Date of Award


Document Type

Open Access Thesis

Degree Name

Medical Doctor (MD)

First Advisor

Mark Horowitz

Second Advisor

Melissa Kacena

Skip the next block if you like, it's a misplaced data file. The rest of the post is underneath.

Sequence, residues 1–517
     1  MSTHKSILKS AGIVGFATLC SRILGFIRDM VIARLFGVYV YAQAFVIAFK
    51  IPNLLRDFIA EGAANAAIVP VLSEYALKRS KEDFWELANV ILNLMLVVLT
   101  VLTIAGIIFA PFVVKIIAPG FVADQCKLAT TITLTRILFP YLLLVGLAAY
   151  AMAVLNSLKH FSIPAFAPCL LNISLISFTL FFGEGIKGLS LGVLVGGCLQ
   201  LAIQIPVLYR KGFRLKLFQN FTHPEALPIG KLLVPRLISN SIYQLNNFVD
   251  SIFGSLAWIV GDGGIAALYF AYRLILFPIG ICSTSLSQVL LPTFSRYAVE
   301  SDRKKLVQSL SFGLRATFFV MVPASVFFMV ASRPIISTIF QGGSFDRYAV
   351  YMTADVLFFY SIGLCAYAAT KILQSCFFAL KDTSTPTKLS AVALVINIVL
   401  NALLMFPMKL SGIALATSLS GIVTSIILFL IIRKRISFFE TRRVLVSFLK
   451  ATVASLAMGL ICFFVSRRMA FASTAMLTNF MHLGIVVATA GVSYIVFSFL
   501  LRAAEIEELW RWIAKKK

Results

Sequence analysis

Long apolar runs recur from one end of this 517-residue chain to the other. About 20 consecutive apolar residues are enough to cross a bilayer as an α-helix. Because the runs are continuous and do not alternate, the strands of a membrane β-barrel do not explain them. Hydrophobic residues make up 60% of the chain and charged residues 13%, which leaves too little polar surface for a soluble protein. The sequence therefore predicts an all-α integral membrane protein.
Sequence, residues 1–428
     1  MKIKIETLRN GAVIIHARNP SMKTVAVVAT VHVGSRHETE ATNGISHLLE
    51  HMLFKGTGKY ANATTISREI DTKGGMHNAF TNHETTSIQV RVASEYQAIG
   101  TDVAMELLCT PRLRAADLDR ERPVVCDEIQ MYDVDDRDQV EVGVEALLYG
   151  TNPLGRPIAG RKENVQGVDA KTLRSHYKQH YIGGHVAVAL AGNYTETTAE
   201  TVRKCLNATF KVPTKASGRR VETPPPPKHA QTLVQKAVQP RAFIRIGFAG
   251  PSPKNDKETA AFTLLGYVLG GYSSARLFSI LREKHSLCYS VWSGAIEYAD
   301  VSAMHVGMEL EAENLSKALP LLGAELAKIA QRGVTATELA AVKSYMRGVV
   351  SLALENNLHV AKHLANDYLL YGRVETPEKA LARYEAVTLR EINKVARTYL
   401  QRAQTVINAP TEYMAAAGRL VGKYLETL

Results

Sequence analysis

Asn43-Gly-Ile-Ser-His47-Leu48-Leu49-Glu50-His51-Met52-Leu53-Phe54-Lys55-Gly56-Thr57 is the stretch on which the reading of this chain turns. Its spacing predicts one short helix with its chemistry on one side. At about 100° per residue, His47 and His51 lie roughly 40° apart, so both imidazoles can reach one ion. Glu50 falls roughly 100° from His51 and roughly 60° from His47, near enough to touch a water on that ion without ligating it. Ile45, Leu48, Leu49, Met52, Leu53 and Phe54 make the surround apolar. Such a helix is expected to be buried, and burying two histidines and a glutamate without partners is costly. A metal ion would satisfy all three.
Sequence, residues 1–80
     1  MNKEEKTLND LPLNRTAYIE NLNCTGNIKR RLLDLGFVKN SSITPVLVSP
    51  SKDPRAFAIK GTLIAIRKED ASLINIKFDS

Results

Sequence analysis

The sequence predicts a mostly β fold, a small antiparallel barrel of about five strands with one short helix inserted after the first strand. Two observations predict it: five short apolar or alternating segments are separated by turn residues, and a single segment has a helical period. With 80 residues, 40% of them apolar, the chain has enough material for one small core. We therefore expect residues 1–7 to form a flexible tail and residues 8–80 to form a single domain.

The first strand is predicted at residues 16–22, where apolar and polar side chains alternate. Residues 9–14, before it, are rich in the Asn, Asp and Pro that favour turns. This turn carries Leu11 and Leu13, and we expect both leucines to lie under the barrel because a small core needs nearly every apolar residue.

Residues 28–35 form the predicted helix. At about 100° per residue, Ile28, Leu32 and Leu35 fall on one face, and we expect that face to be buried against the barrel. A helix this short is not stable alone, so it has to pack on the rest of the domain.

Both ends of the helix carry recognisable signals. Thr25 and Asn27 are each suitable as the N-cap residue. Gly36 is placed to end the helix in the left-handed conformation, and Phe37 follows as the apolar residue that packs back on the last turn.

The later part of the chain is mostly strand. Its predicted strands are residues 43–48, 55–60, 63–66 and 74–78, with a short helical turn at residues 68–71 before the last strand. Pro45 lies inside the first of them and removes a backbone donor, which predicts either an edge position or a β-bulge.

A new paradigm has evolved in which multiple regulatory interactions between the skeletal and hematopoietic systems have been identified. Previous studies have demonstrated that megakaryocytes (MK) play a dual role in skeletal homeostasis by stimulating osteoblast proliferation and simultaneously inhibiting osteoclast (OC) development. Here we identify a novel regulatory pathway in which the main MK growth factor, thrombopoietin (TPO), directly regulates osteoclastogenesis. To study the role of TPO in OC development, spleen or bone marrow (BM) cells (2x106 cells/ml) or BM macrophages (BMM, 1x105 cells/ml) from C57BL/6 mice , as a source of OC precursors, were cultured with M-CSF (30 ng/ml) and RANKL (50 ng/ml) to induce OC formation. TPO (0.1-1000 ng/ml) and/or primary MK (0-0.5%), derived from C57BL/6 fetal livers, were titrated into these cultures and OC were identified as tartrate resistant acid phosphatase positive (TRAP+) giant cells with >3 nuclei. There was a significant, up to 15-fold reduction in OC formed when MK were added to all OC generating cultures, p < 0.001. Moreover, if OC generating cultures did not contain MK or MK progenitors, TPO treatment significantly enhanced OC formation up to six-fold, p < 0.01. This data demonstrates that MK are responsible for the inhibition of OC formation and that in cultures containing MK or MK progenitors such as BM or spleen cells, that TPO acts indirectly to inhibit OC formation by stimulating megakaryopoiesis, whereas in the absence of MK or MK progenitors TPO directly enhances OC formation. This conclusion is further supported by Real-Time PCR data which demonstrates that OC progenitors express c-mpl, the TPO receptor, albeit at low levels when compared to expression of c-mpl on MK. Finally, we have begun to dissect the c-mpl signaling pathway in OC progenitors. We have found that TPO induces tyrosine phosphorylation of several specific cellular proteins in the JAK/STAT pathway. Thus, TPO acts in a somewhat paradoxical manner by inhibiting OC formation through the stimulation of MK, while simultaneously playing a direct role in enhancing osteoclastogenesis.